Summary: In this vision Paul is caught up to heaven & received communications & revelations that he can not make known (CIT). This was to him, & to all who believed his word, a more reliable evidence of the favor of God upon an apostle than anything prior
2 CORINTHIANS 12: 1-6 [GAINING PERSPECTIVE Series]
A JOURNEY TO PARADISE
Paul now moves to the account of a remarkable spiritual experience which was granted him as an apostle by the Lord. He was reticent to write about this experience but has been forced to substantiate his apostleship. In order to avoid exalting himself Paul describes his experience in the third person rather than the first person.
Still this boasting refers not to what Paul had done, but to what God had done. Paul is simply the subject of the visions & revelations granted by God. In this vision Paul is caught up to heaven & received communications & revelations that he can not make known (CIT). This was to him, & to all who believed his word, a more reliable evidence of the favor of God upon an apostle than anything prior mentioned.
I. COMPARE VISIONS AND REVELATIONS, 1.
II. CAUGHT UP TO HEAVEN, 2-4.
III. CURRENT EVIDENCE, 5-6.
What Paul says in verse 1 he is forced to say so that the Corinthians might look at Him from God’s perspective. “Boasting is necessary, though it is not profitable; but I will go on to visions and revelations of the Lord.”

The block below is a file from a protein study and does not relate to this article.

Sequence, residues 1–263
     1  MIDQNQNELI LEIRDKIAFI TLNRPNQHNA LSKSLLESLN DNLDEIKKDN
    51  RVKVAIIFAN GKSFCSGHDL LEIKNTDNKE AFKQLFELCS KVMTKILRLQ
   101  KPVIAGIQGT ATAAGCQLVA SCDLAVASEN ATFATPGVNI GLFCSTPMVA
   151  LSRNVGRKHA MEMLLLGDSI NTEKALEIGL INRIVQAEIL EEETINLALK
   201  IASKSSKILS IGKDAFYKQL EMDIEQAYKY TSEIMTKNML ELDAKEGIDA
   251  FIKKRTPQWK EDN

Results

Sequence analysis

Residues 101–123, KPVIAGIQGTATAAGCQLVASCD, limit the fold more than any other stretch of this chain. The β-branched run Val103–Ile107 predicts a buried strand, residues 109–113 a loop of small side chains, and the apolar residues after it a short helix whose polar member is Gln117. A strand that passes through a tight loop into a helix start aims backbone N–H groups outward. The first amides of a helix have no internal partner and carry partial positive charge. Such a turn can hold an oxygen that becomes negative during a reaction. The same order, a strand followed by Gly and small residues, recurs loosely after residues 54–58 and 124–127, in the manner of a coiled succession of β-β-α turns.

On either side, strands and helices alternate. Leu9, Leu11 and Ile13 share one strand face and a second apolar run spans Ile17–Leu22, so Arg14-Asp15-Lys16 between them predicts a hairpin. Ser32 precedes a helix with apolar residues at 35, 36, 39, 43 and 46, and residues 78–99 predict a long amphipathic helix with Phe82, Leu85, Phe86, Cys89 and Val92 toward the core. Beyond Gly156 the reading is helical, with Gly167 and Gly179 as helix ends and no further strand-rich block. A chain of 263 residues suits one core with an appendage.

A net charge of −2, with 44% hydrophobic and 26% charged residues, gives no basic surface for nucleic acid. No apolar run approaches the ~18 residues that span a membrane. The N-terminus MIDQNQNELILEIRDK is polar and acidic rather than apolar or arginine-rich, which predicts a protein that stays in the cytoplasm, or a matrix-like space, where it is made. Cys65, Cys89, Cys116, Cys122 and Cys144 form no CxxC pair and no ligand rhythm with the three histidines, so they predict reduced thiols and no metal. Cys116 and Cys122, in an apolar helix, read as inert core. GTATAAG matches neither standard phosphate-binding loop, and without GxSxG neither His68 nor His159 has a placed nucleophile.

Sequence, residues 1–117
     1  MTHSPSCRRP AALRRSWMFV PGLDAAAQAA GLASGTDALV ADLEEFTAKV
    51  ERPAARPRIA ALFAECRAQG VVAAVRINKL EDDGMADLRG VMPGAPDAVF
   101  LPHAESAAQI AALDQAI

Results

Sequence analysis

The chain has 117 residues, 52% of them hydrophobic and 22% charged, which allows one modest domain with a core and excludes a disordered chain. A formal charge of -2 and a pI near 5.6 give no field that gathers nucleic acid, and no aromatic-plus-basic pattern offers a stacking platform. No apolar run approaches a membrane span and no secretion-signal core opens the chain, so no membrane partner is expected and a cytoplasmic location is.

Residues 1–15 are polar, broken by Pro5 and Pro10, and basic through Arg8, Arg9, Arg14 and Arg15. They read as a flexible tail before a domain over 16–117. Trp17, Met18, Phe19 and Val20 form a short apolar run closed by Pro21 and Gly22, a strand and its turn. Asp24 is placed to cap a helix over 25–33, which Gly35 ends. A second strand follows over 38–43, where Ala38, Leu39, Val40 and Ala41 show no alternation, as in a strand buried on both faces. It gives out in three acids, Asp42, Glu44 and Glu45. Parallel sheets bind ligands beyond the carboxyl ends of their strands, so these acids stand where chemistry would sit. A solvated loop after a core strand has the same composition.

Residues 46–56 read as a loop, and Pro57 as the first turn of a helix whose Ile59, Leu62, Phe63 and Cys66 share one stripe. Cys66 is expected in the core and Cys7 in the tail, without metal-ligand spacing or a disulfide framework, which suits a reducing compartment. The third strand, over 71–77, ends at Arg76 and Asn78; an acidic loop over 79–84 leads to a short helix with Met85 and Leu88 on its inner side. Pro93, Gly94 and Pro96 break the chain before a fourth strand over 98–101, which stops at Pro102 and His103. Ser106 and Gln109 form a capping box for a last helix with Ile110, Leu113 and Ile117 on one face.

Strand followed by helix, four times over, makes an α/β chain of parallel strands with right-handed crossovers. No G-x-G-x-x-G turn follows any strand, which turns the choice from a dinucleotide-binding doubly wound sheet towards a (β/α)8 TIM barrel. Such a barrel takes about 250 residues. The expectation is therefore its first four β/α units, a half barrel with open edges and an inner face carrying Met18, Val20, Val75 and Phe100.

Paul's reticence increases as he discloses what was probably the most intimate and sacred of all his Christian experiences. The apostle reiterates that he speaks of himself only because circumstances have compelled him to do so. Like Paul's external credentials his parading of visions and revelations was not profitable or an exercise in futility because it would not build individuals up.
If his adversaries falsely claimed to have received their teaching directly from God Paul could truly claim this was the case. Paul had repeated visions (Acts 9:3; 16:9, 18:9,22:17, 27:23f) and claimed to speak by direct revelation (1 Cor. 11:23, 15:3; Gal. 1:12; Eph. 3:3).
Revelations is apocalypses [αποκάλυψις;-απο- from away and κάλυπτω - to cover] literally “to remove the cover, to unveil.” It is the unveiling of something hidden which gives light and knowledge to those who behold it (Eph. 3:3, Rom. 16:25). It can be special insight into spiritual truth (Eph. 1:17). Revelations are more general than visions. One might have revelations without having visions but one never has visions without revelations. Visions, dreams and trances are hard to distinguish. A vision comes to one in an ecstatic state (Isa. 1:1; Ezek. 12:27) and bring revelation knowledge. The experience points to a special awareness of God concerning what He is doing or going to do.
Paul mentions these here to show the supreme height to which he was raised through these ecstatic experiences in the Lord. This boast is not of his ability or superior power, for it was all the Lord’s doing.
[Paul’s vision of Paradise and his affliction of pain are connected with “infirmities” of 11:30. How is it that Paul takes pleasure in his infirmities? The answer is that they constitute a reminder of something that, no doubt, stands out as the most incredible experience of his life. To counter balance these exalting experiences he was also given a "thorn in the flesh" (v7) so that he would not glory in himself but in the God of all grace.]